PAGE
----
• ACM can be classified into one of three types:
    • Spray-on: used on ceilings or walls
    • Thermal system insulation (TSI): wrap on boilers, pipes and ducts
    • Miscellaneous: floor tile, ceiling tile, gaskets, curtains, roofing material, siding, tar, mastics, wiring, etc.
where is asbestos found
Where is Asbestos Found?
  • Carpet replacement
  • Lab renovation
hierarchy of controls
Hierarchy of Controls
  • Engineering controls
  • Work practices controls
  • PPE
  • Administrative controls
engineering controls
Engineering Controls
  • Negative pressure enclosure HEPA vacuum systems
    • Glove bags
    • Glove boxes
  • Local exhaust ventilation on dust producing power tools
    • Saws
    • Drills
engineering controls28
Engineering Controls

Asbestos Brake


work practice controls
Work Practice Controls
  • Promptly clean up and dispose of asbestos containing waste.
  • Do NOT use compressed air or

high speed disk saws.

  • Do NOT dry sweep asbestos dust.
  • No employee rotation to reduce TWAs.
personal protective equipment
Personal Protective Equipment
  • Respiratory protection and clothing
    • Regulated areas
    • Construction Class I, II, and III
    • Above the permissible exposure level and action level
personal protective equipment33
Personal Protective Equipment
  • When a respirator is required, the employer must comply with:
    • 29 CFR 1910.134 – Respiratory Protection Standard
administrative controls
Administrative Controls
  • Asbestos exposure assessment
  • Medical surveillance
  • Competent person supervision
  • Signs, labels and demarcation
  • Training of employees
  • Communication between employer, employee, and

facility owner

required documentation
Required Documentation
  • Objective exposure data (while using)
  • Exposure measurements (+ 30 years)
  • Training records (+ 1 year)
  • Data to rebut PACM (while using)
  • Information on locations of ACM transfer with ownership
  • Multi-employer worksite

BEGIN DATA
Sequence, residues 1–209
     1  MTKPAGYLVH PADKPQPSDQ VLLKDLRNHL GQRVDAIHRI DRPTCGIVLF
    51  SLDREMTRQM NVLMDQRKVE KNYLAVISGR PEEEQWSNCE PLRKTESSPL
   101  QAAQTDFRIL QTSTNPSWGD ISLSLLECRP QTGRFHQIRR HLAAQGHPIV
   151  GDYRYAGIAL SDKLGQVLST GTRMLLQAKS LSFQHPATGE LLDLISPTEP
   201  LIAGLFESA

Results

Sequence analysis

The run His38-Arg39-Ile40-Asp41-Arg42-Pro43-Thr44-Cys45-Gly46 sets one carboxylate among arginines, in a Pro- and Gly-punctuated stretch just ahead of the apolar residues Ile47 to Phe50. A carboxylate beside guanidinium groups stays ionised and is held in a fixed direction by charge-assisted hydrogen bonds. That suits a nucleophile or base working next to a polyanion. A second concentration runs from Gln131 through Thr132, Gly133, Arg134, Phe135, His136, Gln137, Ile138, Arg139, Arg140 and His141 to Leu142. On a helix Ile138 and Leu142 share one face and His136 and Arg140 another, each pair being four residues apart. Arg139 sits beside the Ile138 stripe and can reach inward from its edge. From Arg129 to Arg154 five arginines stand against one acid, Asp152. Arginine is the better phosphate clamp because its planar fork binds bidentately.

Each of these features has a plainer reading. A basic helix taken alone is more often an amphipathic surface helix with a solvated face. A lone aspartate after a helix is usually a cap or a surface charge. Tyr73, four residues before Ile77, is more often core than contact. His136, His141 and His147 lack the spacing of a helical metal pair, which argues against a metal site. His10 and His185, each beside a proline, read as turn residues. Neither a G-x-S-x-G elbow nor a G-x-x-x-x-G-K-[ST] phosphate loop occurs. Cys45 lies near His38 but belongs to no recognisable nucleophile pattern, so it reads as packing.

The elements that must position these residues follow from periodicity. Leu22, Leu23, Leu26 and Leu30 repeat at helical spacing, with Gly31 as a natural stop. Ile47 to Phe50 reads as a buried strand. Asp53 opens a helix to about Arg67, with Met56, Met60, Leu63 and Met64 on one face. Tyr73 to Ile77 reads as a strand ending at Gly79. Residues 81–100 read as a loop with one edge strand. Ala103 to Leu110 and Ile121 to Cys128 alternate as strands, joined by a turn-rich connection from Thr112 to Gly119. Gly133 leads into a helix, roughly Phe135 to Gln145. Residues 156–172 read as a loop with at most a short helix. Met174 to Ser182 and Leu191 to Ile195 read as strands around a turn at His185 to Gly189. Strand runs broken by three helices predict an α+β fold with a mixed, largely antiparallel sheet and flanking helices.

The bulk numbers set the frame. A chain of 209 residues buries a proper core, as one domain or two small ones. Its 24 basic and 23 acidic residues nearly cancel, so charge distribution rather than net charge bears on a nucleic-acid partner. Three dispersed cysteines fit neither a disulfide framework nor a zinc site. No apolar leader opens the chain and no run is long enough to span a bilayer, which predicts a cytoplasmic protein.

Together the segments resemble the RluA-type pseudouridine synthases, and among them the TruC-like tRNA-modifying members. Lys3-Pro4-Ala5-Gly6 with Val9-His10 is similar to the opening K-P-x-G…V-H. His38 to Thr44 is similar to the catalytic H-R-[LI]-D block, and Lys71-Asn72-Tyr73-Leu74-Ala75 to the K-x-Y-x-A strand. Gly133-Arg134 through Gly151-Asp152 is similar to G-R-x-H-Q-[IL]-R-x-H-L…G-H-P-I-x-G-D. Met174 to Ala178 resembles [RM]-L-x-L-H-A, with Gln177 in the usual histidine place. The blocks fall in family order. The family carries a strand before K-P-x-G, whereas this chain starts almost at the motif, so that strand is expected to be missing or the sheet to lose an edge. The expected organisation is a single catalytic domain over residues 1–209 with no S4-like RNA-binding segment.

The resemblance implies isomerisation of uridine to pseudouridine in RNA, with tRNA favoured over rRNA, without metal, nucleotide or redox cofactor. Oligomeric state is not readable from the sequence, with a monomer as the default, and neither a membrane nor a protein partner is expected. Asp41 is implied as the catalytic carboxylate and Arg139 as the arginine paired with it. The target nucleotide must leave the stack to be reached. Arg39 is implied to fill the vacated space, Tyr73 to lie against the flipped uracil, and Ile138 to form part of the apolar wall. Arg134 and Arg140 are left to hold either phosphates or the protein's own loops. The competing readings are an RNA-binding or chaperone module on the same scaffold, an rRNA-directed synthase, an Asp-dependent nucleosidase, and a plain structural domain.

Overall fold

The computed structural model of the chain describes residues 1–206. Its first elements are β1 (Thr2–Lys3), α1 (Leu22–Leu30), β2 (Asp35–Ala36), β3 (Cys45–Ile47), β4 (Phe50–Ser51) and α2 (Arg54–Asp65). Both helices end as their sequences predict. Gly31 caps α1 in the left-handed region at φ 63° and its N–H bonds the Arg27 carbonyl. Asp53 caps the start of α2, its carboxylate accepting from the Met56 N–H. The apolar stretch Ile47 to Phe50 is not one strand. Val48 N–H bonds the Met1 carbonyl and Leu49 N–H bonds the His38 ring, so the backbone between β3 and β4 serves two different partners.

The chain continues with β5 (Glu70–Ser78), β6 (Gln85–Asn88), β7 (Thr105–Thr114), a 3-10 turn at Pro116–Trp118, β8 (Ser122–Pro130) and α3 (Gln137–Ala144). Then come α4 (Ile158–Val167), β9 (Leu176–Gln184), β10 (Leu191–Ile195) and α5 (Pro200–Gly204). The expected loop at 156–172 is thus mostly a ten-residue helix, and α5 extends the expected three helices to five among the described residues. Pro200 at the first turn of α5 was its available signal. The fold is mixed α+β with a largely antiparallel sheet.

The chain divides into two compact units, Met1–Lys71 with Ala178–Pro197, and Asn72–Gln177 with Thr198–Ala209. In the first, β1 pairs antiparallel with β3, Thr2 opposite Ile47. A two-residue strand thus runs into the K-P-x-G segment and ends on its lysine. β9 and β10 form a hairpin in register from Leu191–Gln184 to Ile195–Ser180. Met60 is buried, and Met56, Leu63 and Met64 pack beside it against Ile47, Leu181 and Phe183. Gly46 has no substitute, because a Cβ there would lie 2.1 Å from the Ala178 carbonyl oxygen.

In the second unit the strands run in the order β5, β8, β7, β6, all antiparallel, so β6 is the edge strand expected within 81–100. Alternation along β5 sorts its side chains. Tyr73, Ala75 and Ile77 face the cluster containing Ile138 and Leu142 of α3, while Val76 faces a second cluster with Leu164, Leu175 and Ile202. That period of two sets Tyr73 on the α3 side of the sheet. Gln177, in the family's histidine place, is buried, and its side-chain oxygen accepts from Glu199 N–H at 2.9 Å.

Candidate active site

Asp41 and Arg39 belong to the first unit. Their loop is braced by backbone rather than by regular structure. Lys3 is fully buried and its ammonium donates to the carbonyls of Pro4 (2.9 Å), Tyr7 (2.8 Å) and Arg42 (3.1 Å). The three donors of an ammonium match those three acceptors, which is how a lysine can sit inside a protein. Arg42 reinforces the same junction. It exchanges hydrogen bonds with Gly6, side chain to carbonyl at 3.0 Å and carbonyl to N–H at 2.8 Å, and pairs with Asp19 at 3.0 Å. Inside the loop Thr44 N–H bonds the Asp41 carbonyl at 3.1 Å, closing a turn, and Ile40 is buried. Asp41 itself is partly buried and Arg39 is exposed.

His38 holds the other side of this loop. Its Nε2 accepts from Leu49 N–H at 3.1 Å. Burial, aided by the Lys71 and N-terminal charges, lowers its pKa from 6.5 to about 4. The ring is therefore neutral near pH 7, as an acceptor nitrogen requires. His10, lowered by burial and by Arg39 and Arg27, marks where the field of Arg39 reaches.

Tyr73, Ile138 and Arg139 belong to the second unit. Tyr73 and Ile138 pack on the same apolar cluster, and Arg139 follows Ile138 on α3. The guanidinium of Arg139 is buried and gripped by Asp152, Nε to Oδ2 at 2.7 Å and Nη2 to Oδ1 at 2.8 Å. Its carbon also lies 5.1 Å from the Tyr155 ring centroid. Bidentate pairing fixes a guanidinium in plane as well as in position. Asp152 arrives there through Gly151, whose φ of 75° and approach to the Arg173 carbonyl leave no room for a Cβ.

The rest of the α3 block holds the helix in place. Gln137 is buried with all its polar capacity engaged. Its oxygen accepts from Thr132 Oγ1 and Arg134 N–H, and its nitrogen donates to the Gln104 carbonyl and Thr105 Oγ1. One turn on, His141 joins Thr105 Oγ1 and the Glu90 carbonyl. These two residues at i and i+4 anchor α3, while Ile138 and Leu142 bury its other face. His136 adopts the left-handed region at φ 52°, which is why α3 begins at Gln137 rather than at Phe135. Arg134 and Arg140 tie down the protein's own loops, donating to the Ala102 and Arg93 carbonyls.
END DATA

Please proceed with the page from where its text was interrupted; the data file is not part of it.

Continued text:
• Inform others of measures to control exposures
      • Hazards abated by contractor who created
      • Adjacent employer WILL check containment
      • GC requires compliance
  • Building/facility owner
  • Competent person
responsibility to communicate
Responsibility to Communicate
  • Know where asbestos is located
  • Recognize asbestos and assess its condition
      • ACM PACM TSI
  • Avoid producing asbestos dust
  • Avoid breathing asbestos fibers
  • Know and comply with the OSH rules
      • 1910.1001 1926.1101
  • Respond properly to fiber release episodes
additional information
Additional Information
  • N.C. Department of Labor
    • Consultative Services: (919) 807-2899
    • Education, Training and Technical Assistance: (919) 807-2875
    • 1-800-35-NIOSH
    • http://www.cdc.gov/niosh
  • N.C. Health Hazards Control Unit
    • (919) 707-5950

In this course, we discussed:

  • Health hazards and symptoms of exposure to asbestos
  • How to identify potential asbestos in the workplace
  • The hierarchy of controls
  • Identification of asbestos standards
  • Additional asbestos resources
thank you for attending
Thank You For Attending!

Final Questions?

  • COMMON QUESTIONS: Asbestos Hazard Management Program Health Hazards Control Unit - NC DHHS
  • NC DOL Industry Alert: NCDOL Expands Health Emphasis Program
  • NIOSH CURRENT INTELLIGENCE BULLETIN - Asbestos Fibers and Other Elongated Mineral Particles: State of the Science and Roadmap for Research – NIOSH DHHS and CDC (National Institute for Occupational Safety and Health)
  • http://www.osha.gov/
    • Asbestos Facts